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Published on 4 June 2013

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NICE says yes to Eylea®

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The National Institute for Health and Care Excellence (NICE) has announced that Eylea® (aflibercept solution for injection, known in the scientific literature as VEGF Trap-Eye) should be recommended for the treatment of patients with wet age-related macular degeneration (wAMD).(1)
Eylea® is the first new medicine in ophthalmology to be fast tracked to draft Final Appraisal Determination (FAD), without the need for additional consultation. This decision means that eligible patients in England and Wales will have an alternative treatment available to them which has been shown in two clinical studies to work as well as current treatment, but requires fewer hospital visits,(2,6) reducing the burden for patients, relatives and the NHS.
Commenting on the positive NICE recommendation, Dr Sobha Sivaprasad, Consultant Ophthalmologist at Moorfields Eye Hospital and King’s College Hospital, London said “This decision will be welcomed by ophthalmologists across England and Wales as Eylea has the potential to relieve the considerable pressure currently on eye services. The number of wAMD patients is rapidly increasing as people are living longer. This, along with the monthly hospital visits required by current treatment, is putting a lot of strain on capacity and resources. A fixed dose injection with Eylea every two months with no monthly monitoring in between is a welcome help as it can potentially reduce the number of hospital visits for most patients. This will make life easier for patients with wAMD and their families, and will also help the NHS planning the future of eye care services.”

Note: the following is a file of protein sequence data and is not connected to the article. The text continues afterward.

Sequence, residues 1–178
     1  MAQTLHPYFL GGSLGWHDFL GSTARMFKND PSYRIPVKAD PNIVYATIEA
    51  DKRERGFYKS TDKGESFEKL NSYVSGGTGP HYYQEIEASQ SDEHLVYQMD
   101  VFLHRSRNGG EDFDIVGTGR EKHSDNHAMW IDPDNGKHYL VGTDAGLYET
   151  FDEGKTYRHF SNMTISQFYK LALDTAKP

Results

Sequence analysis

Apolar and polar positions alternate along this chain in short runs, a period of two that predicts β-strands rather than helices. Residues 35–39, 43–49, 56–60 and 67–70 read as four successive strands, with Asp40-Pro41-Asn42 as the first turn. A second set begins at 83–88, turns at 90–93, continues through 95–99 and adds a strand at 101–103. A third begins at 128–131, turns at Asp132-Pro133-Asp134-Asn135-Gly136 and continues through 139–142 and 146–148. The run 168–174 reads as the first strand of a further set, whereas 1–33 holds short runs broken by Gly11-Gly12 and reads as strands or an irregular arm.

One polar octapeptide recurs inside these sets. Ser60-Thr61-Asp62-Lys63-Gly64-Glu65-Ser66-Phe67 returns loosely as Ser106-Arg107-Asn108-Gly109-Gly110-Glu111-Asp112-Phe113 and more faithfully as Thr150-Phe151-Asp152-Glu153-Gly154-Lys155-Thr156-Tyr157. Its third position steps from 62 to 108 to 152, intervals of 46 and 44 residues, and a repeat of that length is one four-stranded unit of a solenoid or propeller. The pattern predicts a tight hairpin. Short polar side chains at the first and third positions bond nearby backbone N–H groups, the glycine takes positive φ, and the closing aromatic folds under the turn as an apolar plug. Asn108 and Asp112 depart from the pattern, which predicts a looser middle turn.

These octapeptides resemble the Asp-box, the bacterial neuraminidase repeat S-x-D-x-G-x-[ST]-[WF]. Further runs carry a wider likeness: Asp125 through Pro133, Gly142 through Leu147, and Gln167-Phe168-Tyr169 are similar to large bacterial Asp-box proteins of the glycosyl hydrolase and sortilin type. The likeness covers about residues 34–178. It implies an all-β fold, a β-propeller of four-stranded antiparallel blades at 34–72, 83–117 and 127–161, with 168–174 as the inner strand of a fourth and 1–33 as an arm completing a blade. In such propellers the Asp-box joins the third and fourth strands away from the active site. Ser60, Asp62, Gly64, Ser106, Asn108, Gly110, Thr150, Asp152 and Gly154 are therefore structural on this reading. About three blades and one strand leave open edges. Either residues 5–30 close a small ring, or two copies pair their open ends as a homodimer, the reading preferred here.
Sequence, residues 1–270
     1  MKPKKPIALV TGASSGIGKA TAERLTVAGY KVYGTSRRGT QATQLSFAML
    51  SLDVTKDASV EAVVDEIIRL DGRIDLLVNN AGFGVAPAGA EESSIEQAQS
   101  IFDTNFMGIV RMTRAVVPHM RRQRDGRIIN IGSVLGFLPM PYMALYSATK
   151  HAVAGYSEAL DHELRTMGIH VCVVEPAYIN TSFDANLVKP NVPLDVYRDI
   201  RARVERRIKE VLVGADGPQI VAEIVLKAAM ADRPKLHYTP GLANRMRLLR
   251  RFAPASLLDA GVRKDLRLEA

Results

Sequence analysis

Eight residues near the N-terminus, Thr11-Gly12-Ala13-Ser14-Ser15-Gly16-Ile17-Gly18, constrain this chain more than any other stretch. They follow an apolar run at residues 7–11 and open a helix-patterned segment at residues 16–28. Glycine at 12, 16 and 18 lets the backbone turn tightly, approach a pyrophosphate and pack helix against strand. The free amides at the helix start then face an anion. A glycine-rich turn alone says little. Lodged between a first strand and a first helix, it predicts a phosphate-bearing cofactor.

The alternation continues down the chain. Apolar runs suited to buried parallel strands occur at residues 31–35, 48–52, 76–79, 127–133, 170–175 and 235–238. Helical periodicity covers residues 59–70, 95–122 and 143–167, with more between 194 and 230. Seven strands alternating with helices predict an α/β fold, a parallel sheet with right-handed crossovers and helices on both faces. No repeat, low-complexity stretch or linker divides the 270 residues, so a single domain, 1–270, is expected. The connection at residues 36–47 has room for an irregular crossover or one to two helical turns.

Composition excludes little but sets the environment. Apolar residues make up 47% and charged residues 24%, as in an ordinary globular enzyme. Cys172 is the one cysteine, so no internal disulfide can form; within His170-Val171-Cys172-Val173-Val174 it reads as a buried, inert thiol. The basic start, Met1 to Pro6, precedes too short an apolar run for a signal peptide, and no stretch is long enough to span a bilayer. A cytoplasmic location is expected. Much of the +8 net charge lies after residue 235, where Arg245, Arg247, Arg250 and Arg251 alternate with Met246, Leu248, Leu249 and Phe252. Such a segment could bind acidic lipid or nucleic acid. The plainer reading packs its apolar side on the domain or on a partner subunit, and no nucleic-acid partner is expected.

In the UK, more than 26,000 people are newly diagnosed with wAMD each year.(7) As it is a disease of the elderly, wAMD is affecting more and more people due to the ageing population, with current estimates predicting that there will be more than 450,000 people with the condition by 2015.(5) If left untreated, or inadequately treated, wAMD is the most common cause of blindness in the western world.(3,4)  Whilst current wAMD therapies have hugely reduced the incidence of blindness, they require monthly hospital visits,(8) placing a continuous burden on patients, relatives and the NHS.(5,8–10)
A recent report from the Royal National Institute of Blind People (RNIB) found that just under 70% of patients were not diagnosed within seven days – in accordance with professional guidance – increasing their chances of permanently losing their central vision.(11)